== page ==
Abstract

Abstract:

Cinematic narrative can only function through recourse to social stereotypes that function as the mediators of the relationships that spectators have with the pro-filmic world. Modern cinema has contributed greatly to the bringing forth of various issues in this process, a process that is fundamental to all artistic endeavours. The work of Todd Solondz, clearly an important part of this emancipatory tradition, is based in an ambivalent and extremist usage of stereotypes, which give the work its critical and poetic value. In his film Palindromes, Solondz puts a series of aesthetic and narrative processes into place in order to define the apparent object of the stereotype, all the while recognising its inevitably foundational quality in cinematic fiction. This article offers a study of these processes in the light of Deleuze and Guattari's philosophy of difference, particularly their concept of "(de) territorialisation."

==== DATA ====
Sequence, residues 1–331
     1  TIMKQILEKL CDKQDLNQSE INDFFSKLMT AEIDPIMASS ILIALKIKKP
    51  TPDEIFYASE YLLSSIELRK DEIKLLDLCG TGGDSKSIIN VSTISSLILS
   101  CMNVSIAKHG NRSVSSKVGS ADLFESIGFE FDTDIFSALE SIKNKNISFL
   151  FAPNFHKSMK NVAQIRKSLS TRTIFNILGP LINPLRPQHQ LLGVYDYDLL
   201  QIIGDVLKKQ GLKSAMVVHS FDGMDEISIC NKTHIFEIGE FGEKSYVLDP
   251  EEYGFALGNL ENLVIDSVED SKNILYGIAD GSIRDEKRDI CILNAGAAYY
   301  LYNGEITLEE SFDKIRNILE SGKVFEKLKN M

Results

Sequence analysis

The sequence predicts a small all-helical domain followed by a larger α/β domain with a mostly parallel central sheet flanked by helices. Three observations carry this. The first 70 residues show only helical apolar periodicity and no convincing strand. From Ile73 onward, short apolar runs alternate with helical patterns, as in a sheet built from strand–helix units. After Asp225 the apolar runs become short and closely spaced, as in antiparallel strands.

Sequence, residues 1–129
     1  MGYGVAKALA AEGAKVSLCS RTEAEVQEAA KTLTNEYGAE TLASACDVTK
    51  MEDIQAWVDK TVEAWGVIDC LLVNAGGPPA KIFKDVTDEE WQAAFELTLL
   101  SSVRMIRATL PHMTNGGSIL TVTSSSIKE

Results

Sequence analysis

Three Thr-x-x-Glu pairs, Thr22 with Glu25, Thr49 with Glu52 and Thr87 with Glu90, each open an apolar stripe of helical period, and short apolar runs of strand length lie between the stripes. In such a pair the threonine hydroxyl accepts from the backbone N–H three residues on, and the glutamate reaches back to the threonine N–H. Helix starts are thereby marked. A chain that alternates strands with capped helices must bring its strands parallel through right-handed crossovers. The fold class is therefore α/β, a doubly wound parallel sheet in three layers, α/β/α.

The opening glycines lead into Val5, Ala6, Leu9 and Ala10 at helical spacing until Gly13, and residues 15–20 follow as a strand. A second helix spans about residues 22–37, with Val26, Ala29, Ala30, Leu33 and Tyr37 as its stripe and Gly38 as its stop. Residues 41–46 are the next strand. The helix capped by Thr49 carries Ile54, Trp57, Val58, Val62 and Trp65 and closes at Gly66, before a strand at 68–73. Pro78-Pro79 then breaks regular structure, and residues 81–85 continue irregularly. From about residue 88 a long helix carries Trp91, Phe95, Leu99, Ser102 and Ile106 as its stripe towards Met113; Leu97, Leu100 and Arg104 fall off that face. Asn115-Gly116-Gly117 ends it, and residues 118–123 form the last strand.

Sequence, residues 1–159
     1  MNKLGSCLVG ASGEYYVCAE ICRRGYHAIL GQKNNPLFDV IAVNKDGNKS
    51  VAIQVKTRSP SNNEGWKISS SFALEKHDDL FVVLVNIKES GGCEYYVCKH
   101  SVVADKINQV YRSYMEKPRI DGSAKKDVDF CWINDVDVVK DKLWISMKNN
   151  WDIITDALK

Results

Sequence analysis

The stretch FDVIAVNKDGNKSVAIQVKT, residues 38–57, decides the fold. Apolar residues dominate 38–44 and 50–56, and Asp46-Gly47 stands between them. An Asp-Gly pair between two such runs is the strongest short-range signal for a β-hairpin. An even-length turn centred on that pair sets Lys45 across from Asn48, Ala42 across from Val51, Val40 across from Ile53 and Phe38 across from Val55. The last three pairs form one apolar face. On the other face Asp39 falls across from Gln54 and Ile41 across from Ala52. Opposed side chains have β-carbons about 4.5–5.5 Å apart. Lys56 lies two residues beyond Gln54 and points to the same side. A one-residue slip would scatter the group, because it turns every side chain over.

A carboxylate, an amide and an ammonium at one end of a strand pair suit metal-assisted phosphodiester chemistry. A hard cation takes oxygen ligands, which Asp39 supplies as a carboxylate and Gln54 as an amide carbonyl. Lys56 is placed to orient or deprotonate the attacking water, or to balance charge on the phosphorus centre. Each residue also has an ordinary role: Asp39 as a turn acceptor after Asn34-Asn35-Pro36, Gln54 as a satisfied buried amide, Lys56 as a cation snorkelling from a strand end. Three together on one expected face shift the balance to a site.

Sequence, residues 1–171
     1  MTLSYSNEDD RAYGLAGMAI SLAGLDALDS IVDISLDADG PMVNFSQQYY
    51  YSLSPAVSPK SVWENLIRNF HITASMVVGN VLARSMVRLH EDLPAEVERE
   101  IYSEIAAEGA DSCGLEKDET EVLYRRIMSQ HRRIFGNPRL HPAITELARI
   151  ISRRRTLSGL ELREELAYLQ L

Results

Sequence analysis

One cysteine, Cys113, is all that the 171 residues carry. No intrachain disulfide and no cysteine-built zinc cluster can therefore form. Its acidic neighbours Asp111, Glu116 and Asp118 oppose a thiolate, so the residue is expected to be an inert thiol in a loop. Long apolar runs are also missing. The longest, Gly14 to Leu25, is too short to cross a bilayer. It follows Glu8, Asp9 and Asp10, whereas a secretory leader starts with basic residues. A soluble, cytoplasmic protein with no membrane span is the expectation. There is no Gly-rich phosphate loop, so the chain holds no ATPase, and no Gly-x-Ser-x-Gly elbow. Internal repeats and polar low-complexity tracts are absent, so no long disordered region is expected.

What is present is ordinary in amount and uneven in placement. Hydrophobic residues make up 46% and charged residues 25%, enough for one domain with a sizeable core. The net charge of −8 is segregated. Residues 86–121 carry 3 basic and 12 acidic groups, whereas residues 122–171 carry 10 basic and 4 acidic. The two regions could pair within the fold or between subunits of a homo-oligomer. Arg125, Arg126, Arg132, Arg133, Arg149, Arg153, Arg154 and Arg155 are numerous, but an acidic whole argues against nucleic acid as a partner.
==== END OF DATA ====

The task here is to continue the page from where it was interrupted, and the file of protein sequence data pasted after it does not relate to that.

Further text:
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Additional Information

ISSN
2561-424X
Print ISSN
0847-5911
Pages
pp. 62-81
Launched on MUSE
2018-01-01
Open Access
No
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